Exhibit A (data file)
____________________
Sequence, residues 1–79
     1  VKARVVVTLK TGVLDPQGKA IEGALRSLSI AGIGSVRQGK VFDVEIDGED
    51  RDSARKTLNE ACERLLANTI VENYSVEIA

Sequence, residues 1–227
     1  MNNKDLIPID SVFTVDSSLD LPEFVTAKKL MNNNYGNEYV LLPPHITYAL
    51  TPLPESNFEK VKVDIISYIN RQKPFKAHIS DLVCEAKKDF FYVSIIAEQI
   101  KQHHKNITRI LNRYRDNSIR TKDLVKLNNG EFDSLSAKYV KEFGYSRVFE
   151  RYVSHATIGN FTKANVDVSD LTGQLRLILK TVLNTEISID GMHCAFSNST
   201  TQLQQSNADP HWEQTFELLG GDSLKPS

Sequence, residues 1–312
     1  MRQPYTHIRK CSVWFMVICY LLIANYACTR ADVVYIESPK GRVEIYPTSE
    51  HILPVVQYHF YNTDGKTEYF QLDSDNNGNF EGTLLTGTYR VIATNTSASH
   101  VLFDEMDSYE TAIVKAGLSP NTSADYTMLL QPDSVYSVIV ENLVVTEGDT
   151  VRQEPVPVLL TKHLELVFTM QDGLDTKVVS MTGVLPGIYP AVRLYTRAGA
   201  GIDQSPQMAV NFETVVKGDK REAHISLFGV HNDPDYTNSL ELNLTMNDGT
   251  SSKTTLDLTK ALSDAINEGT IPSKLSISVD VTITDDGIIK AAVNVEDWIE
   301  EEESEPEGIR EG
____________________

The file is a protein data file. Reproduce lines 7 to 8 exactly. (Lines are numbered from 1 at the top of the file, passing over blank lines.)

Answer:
   101  KQHHKNITRI LNRYRDNSIR TKDLVKLNNG EFDSLSAKYV KEFGYSRVFE
   151  RYVSHATIGN FTKANVDVSD LTGQLRLILK TVLNTEISID GMHCAFSNST